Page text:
Hard Times, Sleep, and Grumbling
Hard times follow good times with unerring regularity and certainty; this is in perfect accordance with the rule of compensation. In good times we should prepare ourselves and erect strong guards around our business, so that when hard times come we may find ourselves able to go through the troublous times.
If prosperity ran on unchecked, the ordinary, well-established business would soon be a thing of the past, for people would speculate instead of work. When the manufacturer has her bills paid and finds a surplus in the bank, that surplus is likely to be turned into speculation.
When everyone speculates values rise, and continue to rise until prices reach fictitious altitudes, and then comes about the cashing in. It so happens that the cashing in is a general movement, and when this happens hard times quickly follow.
The successful business woman should keep her money where it is get-at-able, and when hard times come and the prices go away down to low water mark, then she should buy. Later on prosperity will return as sure as the sun will rise, and the things bought during the hard times will greatly increase in value. Hard times and prosperity rotate several times in a woman's business career.
Hard times are necessary to the general scheme, for with continuous prosperity business would increase to such a momentum that there is no telling what the results would be. In times of prosperity you must make preparations for the hard times that are sure to come. It your pumps are greater than your leaks, your craft won't sink when the storm of adversity and hard times breaks across your ship.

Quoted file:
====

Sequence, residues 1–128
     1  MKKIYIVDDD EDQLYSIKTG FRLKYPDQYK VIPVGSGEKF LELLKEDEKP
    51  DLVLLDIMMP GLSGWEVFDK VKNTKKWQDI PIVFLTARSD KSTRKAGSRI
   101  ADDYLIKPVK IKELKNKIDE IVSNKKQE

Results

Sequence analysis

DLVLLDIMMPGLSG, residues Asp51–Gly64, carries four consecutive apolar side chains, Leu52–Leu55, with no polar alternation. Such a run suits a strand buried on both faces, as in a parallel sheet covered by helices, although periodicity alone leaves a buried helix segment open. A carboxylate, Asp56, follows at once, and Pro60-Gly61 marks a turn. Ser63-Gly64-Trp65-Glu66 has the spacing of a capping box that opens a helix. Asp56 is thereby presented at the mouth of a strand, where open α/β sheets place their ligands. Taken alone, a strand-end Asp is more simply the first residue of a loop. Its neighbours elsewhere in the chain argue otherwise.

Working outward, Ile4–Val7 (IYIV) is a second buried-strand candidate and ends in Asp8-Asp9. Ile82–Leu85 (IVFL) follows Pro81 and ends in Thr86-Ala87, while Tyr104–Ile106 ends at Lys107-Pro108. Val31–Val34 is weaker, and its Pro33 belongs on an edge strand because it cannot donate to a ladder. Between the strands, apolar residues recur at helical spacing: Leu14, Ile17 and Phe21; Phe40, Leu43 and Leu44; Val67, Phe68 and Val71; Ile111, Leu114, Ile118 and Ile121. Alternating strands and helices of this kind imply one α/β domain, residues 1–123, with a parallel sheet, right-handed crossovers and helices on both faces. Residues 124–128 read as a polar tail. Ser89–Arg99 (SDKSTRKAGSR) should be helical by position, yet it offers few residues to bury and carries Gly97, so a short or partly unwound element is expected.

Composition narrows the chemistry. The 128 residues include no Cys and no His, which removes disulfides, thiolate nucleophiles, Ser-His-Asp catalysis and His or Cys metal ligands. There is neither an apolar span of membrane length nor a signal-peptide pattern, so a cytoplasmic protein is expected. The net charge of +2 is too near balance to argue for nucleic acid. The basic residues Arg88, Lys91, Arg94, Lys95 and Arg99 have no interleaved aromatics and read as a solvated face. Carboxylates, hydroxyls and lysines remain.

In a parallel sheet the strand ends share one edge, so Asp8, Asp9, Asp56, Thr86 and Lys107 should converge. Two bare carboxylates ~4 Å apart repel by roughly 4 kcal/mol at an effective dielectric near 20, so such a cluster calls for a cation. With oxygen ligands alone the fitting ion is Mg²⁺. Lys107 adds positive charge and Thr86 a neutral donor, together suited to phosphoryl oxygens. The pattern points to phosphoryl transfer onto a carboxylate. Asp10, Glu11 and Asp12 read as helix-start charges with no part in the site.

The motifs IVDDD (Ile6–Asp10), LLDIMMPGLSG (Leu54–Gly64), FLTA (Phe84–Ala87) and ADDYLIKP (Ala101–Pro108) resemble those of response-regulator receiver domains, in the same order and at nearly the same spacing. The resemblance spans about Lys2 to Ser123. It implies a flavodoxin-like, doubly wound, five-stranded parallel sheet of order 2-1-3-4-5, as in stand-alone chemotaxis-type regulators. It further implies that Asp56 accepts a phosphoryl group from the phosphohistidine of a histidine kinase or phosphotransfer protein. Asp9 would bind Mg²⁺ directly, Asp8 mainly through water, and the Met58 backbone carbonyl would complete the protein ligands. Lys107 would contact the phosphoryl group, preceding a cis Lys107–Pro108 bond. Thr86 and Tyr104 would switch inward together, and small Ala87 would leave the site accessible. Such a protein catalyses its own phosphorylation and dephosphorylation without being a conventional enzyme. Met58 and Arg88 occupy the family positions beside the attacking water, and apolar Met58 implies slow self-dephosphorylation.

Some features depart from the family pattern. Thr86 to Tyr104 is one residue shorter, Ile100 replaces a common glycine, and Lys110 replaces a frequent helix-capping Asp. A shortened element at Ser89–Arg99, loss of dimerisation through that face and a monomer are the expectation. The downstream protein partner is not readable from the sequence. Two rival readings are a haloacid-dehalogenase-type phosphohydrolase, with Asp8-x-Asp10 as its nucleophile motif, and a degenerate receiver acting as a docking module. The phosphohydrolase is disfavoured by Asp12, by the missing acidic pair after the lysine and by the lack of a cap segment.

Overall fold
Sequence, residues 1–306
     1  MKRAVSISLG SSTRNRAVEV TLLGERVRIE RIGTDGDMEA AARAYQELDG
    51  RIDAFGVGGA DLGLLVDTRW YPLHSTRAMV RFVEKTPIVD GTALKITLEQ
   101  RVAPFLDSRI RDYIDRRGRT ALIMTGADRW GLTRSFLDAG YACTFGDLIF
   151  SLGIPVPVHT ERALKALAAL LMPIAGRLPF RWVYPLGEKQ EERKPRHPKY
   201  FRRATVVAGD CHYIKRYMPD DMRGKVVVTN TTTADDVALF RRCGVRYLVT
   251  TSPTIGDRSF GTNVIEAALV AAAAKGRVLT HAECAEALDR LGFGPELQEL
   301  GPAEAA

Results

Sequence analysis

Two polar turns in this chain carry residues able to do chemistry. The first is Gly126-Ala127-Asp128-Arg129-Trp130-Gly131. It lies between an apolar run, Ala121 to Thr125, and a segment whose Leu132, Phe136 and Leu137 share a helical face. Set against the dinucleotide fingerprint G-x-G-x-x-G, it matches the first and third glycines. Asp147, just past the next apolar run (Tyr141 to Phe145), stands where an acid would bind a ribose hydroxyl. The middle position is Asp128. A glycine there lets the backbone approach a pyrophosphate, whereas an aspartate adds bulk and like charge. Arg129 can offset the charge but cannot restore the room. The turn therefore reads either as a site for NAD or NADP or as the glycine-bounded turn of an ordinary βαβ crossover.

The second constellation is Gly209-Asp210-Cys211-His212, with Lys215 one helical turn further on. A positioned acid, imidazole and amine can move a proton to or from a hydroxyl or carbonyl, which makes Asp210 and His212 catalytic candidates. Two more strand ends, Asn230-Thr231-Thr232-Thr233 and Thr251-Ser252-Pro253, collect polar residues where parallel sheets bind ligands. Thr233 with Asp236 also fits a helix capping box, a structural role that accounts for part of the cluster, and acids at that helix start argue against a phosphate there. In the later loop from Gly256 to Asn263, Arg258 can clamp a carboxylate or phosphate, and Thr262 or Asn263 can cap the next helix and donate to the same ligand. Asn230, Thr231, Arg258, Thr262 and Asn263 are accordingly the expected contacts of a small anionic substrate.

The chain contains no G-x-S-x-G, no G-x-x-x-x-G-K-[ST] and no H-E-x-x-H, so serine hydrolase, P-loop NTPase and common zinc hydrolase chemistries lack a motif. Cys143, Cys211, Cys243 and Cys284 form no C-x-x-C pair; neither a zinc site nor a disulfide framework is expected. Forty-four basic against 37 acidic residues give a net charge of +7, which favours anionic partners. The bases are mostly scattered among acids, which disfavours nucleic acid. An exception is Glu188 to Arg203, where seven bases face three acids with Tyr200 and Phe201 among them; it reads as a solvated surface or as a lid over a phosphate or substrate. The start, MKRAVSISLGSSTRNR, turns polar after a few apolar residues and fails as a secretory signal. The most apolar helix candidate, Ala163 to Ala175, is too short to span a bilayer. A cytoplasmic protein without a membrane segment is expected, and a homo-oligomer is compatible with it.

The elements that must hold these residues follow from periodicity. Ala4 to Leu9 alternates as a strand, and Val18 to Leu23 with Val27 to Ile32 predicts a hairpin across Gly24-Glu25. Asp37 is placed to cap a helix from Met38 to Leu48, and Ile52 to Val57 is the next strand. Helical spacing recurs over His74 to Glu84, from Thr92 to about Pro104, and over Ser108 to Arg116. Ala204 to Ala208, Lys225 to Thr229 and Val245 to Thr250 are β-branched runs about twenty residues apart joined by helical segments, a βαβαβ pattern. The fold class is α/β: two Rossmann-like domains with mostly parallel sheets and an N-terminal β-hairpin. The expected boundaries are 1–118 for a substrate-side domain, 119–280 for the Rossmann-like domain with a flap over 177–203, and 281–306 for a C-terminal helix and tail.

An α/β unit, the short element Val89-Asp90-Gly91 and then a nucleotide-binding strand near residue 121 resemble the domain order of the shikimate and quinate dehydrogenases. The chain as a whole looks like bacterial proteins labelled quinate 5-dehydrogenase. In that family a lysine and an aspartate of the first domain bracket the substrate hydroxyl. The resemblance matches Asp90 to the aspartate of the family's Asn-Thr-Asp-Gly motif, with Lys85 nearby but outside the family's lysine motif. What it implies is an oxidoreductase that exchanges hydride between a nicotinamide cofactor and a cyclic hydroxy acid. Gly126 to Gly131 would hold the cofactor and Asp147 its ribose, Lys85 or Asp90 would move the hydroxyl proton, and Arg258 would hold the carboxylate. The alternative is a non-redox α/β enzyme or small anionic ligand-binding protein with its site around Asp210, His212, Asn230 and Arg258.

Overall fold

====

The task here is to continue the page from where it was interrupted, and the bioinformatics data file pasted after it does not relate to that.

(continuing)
No one can do her best work if her mind is wool gathering. If an employe is thinking about the races, she is cheating her boss, for she cannot give her best service. If the employe is in the habit of being up late nights, she cannot concentrate her mind nor bring out the best there is in her. Nothing is so good for the hard worker, nothing will stand her in such good stead, as plenty of sleep.
Go to bed early. Get lots of sleep every night and you will be ready and strong for the fray of the morrow. If you get plenty of sleep you are far ahead of your fellow employe who does not get enough sleep.
Sleep smooths out the wrinkles, builds up a storage battery in you and gives you confidence in yourself. You hold your head higher, your step is more elastic, your eyes are clearer, your mind works better, and your stomach does its full duty if you have taken plenty of time for sleep, for sleep is the plan of nature to restore the mind and the body.
Lack of sleep means wilful waste of your energies and a dulling of your abilities. Business women pay for ability, keenness, alertness and capacity, and in proportion as you limit these qualifications by lack of sleep, so in proportion will your salary be kept down.
Grumbling kills friends. The business woman who is ever grumbling and growling about things makes a blue atmosphere about her. People somehow or other seem to prefer a rosy atmosphere to a blue There is no good in grumbling. It gains nothing. Grumbling is an evidence that you have not sized things up correctly.
That you are labouring under a delusion; that you are looking at the world through blue glasses, that you are not making proper estimates of other people.
Grumbling is an advertisement to the world that you are not well balanced. Grumbling won’t help things a bit. The more you indulge in the habit the more firmly it becomes fixed upon you, and later you will find it almost impossible to shake it off. The grumbler grows to be a pessimist; she says disagreeable things; she makes her friends feel ill at ease.
The grumbler gradually loses her acquaintances and even her close friends. If you are starting on the grumbling path, pull yourself together and cut the habit quick and short. Grumbling and indigestion go hand in hand. If you have indigestion, square yourself against it, make up your mind you will not indulge yourself and vent your ill feelings in grumbling.
If you can start out each day with a resolve not to grumble you will find the proposition not difficult. The first two or three hours of the day is the time when your resistance is called into play. There is no better antidote or cure for the poisonous grumbling disposition than the following, which has been for many years a pet sermonette of the writer: Be pleasant in the morning until ten o’clock, the rest of the day will take care of itself.
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